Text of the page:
NMC agrees new approach to resolving concerns
The regulator has pledged commitment to moving away from a blame culture when resolving concerns about midwives’ and nurses’ practice.
The NMC says its focus is on reducing risks to patients and service users in the future by encouraging openness and learning, not on punishing midwives and nurses for past mistakes.
From now on when concerns are raised with the NMC, midwives and nurses will be encouraged to be open about what has happened and to talk to the NMC as early as possible about what they have done to put things right.
If more action is needed, the regulator will seek to agree with the midwife and nurse what steps they need to take before they are fit to practise safely and professionally.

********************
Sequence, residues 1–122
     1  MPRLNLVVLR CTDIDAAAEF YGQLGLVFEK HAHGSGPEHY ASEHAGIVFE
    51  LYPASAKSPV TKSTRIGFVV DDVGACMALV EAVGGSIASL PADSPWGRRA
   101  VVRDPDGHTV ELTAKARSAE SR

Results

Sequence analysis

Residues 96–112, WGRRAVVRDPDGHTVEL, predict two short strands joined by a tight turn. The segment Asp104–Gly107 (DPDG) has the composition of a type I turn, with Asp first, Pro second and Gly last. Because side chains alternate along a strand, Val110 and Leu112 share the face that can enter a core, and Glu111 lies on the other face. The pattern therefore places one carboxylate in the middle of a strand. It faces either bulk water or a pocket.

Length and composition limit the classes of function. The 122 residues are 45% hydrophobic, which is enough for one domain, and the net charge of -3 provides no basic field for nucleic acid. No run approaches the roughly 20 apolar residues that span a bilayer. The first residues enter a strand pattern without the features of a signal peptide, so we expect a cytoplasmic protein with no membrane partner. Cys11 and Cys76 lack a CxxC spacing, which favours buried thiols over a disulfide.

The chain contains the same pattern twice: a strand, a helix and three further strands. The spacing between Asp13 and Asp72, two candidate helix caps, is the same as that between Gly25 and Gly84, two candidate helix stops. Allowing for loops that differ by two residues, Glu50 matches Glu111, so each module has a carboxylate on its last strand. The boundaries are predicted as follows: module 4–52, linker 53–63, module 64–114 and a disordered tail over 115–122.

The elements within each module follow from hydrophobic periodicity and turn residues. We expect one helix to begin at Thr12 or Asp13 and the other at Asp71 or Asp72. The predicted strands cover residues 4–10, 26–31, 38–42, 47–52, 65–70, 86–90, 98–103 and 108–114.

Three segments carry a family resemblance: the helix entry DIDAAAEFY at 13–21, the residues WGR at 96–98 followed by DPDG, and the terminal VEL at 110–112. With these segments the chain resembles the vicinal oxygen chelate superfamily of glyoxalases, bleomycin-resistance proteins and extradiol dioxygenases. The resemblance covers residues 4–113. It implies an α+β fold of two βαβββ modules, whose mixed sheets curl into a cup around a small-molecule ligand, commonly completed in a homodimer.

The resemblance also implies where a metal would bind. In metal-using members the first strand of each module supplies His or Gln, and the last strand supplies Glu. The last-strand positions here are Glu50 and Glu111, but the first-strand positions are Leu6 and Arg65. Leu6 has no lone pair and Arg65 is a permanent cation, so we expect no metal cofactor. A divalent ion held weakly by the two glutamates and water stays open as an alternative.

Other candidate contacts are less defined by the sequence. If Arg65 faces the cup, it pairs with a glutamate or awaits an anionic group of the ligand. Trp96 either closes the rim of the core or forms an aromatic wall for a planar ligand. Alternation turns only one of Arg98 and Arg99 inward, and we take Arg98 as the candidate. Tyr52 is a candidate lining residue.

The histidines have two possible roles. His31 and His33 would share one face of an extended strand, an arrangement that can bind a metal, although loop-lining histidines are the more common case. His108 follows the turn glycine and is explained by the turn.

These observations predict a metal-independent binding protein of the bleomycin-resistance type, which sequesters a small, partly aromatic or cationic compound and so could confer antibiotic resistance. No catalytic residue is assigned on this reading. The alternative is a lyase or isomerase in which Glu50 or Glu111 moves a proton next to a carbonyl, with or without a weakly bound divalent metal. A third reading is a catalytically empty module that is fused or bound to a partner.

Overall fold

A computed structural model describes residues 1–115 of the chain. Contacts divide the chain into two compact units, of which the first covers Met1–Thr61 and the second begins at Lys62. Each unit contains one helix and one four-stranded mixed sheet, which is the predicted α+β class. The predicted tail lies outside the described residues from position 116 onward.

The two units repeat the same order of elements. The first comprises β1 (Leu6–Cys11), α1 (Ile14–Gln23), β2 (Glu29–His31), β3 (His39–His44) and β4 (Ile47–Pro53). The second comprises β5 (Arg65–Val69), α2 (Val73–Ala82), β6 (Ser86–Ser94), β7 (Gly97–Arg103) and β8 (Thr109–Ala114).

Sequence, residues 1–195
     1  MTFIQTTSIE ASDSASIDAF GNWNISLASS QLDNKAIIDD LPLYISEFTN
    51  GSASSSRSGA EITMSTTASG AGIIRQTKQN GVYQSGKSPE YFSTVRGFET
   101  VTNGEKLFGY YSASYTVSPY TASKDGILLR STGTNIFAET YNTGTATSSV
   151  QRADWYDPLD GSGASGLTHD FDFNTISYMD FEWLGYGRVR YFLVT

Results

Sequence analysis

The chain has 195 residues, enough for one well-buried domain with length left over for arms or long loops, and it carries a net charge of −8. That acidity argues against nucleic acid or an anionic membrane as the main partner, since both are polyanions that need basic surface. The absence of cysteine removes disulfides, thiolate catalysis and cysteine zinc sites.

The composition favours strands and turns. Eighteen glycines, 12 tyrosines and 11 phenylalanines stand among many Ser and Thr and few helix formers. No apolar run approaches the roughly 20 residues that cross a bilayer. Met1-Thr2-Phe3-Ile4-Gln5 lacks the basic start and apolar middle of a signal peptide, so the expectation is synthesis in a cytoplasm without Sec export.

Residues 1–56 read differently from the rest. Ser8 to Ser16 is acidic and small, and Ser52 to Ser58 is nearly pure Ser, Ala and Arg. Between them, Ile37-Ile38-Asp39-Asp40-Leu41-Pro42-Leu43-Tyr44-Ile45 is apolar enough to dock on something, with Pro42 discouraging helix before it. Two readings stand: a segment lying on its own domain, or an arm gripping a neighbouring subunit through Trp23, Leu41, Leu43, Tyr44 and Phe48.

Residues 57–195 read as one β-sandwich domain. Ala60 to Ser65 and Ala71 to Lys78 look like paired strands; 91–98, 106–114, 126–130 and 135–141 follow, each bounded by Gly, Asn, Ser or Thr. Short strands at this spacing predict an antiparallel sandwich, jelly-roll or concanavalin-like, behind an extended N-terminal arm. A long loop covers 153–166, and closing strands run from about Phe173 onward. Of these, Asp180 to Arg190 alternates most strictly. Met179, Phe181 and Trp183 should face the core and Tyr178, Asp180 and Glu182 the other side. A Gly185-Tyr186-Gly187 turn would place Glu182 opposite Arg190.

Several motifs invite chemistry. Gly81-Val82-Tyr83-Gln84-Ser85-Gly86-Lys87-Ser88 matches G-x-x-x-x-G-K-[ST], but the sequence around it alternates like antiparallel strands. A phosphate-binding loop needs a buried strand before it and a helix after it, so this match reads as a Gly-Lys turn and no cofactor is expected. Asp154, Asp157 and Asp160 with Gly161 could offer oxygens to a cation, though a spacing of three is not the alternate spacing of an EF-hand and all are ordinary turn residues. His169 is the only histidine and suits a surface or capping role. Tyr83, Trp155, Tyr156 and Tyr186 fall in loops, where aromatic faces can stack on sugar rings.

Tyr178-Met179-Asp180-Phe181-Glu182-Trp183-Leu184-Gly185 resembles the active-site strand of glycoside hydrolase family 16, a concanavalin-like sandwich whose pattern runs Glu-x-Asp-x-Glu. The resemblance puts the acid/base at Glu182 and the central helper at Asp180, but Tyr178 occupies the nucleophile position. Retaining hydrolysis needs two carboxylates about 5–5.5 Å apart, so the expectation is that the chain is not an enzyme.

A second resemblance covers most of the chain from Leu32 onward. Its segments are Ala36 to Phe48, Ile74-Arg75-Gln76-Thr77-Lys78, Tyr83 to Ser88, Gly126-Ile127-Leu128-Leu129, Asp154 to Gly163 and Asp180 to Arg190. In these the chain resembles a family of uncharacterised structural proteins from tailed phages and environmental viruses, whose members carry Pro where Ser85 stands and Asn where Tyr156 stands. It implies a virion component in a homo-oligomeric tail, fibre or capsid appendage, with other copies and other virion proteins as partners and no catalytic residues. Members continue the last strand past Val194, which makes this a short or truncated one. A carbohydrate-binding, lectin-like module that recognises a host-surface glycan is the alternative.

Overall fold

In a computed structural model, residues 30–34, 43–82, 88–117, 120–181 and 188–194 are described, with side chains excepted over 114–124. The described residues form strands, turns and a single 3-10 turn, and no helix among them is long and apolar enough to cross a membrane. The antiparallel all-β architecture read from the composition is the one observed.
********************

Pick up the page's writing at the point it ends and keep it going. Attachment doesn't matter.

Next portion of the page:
In many cases, a full public hearing may not be needed, which will reduce the burden on everyone involved, especially patients and families who may otherwise have to relive distressing experiences.
The new changes are about putting people at the centre of the fitness to practise process to make sure the regulator treats patients and families with compassion and respect, and properly listens to and resolves their concerns about midwives and nurses.
Greater consideration will be given to the context in which incidents occur in recognition of the complex issues and pressures nurses and midwives face every day.
NMC director of fitness to practise Matthew McClelland said: ‘These plans set a new direction for the NMC and will help to bring about a just culture in the health and care sector.
‘It’s clear we needed to change and improve our approach to help keep people safe and support midwives and nurses to practise safely and professionally. Our plans put the voices of patients and families at the heart of what we do and place a much greater emphasis on openness and learning to help reduce risk for the future.’